diablogging 'bout kincaid

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I'll admit that I had a hard time "rejiggling the terms" of child molestation. But the more I read and reread Kincaid's "Producing Erotic Children," I started to dig in to what he was saying.

My first reaction is to the language he uses to construct his critique: he uses imagery of vacancy and simplicity as indicators of the eroticized purity, innocence, and liberty. He argues that this lack of complexity in our construction of children opens up the possibility for writing our own fantasies onto that blankness. The 'vacancy' is thus filled by our constructions of eroticized, sexualized children. While I'm not positive that I fully grasp or agree with Kincaid's argument, his discussion of blankness, smoothness, blandness, blondness, bleached-ness (or whitening), youthfulness and vacancy as connected and the sites and sources of obsession and eroticization seemed to have some merit. If the equation of youthfulness = beauty = sexual desire makes sense when applied to socially appropriate sexual subjects, who's to say that there is some invisible line that protects that same logic from being applied to children?

I think what's on the flip-side of this vacancy/blankness/silence language is what's at stake. Kincaid talks about purity, innocence and liberty as qualities that are attributed to children, things to be protected and preserved. He also draws our attention to the connections that purity, innocence and liberty have to sexualized adults (particularly women)--the desire for purity, innocence and virginity is so overplayed it's ridiculous. But Kincaid talks about why these qualities are eroticized, arguing that they demand protection while simultaneously eliciting the desire to despoil.

I think what this leads to is to agree with what Kincaid argues, that the current terms of the conversation (the scandal-free kind) perpetuate all the wrong things. They allow us to know and yet not know about a 'taboo' topic--the possibility of sexuality in children. The current terms actually shut down different conversations, and instead, like Kincaid argues, the same answer-less questions get asked, leaving us feeling politically and socially conscious, but ultimately unmoved and inactive.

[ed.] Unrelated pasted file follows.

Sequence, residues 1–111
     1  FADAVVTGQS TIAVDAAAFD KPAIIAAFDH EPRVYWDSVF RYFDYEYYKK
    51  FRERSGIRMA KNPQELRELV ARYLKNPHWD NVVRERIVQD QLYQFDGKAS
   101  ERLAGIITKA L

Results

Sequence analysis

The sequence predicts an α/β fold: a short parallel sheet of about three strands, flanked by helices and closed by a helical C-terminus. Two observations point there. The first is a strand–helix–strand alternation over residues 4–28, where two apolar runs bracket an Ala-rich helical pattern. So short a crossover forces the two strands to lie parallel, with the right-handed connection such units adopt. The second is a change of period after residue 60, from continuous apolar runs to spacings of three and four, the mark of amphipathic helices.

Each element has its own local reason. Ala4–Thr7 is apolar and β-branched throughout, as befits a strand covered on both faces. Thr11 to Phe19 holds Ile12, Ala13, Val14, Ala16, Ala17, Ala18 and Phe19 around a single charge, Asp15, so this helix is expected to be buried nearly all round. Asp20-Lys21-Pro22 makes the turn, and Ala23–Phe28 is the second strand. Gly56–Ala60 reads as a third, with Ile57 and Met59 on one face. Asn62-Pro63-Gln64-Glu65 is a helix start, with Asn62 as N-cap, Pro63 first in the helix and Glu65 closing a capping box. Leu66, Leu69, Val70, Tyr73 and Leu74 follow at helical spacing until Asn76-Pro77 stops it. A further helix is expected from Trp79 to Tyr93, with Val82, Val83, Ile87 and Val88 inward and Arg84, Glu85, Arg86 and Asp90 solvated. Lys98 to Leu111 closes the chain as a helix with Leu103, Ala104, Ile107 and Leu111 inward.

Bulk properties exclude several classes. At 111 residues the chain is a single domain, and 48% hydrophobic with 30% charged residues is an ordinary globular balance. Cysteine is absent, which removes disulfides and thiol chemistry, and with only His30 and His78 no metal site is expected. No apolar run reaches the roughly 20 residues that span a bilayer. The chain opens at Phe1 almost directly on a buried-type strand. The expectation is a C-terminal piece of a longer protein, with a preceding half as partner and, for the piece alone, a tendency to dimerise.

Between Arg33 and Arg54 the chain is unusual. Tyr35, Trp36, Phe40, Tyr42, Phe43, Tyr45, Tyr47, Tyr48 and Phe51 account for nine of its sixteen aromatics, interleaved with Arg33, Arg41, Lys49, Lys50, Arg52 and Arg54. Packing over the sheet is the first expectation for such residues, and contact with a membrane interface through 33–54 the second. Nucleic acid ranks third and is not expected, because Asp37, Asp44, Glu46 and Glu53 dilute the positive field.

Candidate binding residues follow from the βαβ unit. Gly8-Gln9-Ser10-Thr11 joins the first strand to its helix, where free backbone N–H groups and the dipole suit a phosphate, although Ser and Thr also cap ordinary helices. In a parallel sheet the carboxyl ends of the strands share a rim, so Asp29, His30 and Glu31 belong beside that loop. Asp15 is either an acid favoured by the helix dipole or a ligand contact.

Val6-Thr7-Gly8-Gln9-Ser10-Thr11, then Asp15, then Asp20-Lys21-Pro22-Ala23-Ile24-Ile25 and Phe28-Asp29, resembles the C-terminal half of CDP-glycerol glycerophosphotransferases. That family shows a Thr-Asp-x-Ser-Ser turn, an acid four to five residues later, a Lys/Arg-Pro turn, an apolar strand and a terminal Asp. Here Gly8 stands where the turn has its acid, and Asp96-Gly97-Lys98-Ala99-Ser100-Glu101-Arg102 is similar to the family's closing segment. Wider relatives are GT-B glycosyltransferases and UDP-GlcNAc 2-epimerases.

5 Comments

This helped so much!
Thanks, Kate.
#Imanerd (I'm going to use that all the time, even when hashtags don't apply or make sense. Thanks to @Mary.)

I think it is interesting that you see the imagery provided by Kincaid as producing children as sort of a blank slate. It is all too common for children to be the most important and least important aspects of our society. What I mean is that while they are held up on this pedestal of purity and innocence, they are often marginalized and ignored. They are not given a voice of their own to speak their desires and are often spoken for by adults. I find an interesting tangent here to the expectations of women in our society. They are expected to be youthful, hence the shaving, waxing, botox and emphasis on remaining slender. When they are married they assume their husband's last name, as if he can now own and speak for her.
What I found interesting also was the use of male children in his article, the white male child is the image of purity here. I wonder if not including different races of children or different sexes was an oversight or intentional?
Why do you think that our society is so youth obsessed?

I think, particularly in relation to our class discussion on Tuesday, that our obsession with youth plays into the idea of the child queered by innocence. We talked about how "youth" is a vague term, an in-between term, not qute child and not quite adult, and that this vagueness represents an opening for meaning-making. Meanings get placed onto the bodies of "youth," and "youth" becomes a protracted state--a woman of 47 can yearn to be youthful (a signifier of innocence), with "baby smooth skin" and no wrinkles. She is then, supposedly, desirable. I think that the disconnect between youthfulness as desirable but youth(s) as possible objects/subjects of desire is where the space for queering is made/found.

That was perfectly put katie, I do not have much to add on to that, but that, that is what I feel even the kincaid article is getting at. This notion of youthfulness or the wanting to be younger and desired is how the "probability" of molestation can occur. Not in the sense that because you want to be younger that now your a molester, but that the fact behind you wanting to be younger looking is that people tend to fingd that look more desirable and that could be the reason why molestation could happen. which is what I think Kincaid was trying to get at.

I totally agree with what you are saying here. This was very much true for me at the time that I was going through a trial which I was not a part of. lol. My parents spoke on the behalf of me which I thought was so dumb, but I was glad because I was very nervous to speak, afraid of my true feelings at the time and the reactions I would get if I exposed what I felt really happened to people I did not know.

But to try and answer your question about why our society is so youth obsessed, I feel that this is so because that is a time in your life were you can be the most care free and ignorant as you want, because you have so much learning and experiencing to do as you grow older. So for women who are getting older (and with age comes more responsiblity) They may come to a point in their lives were they just want to be a kid again, and in doing so they have to look and play the part. shoot, there are times know when i want to be a kid again and not work and have no bills or responsibilities to worry about. lol. I think we all do at times, just maybe some more that others.

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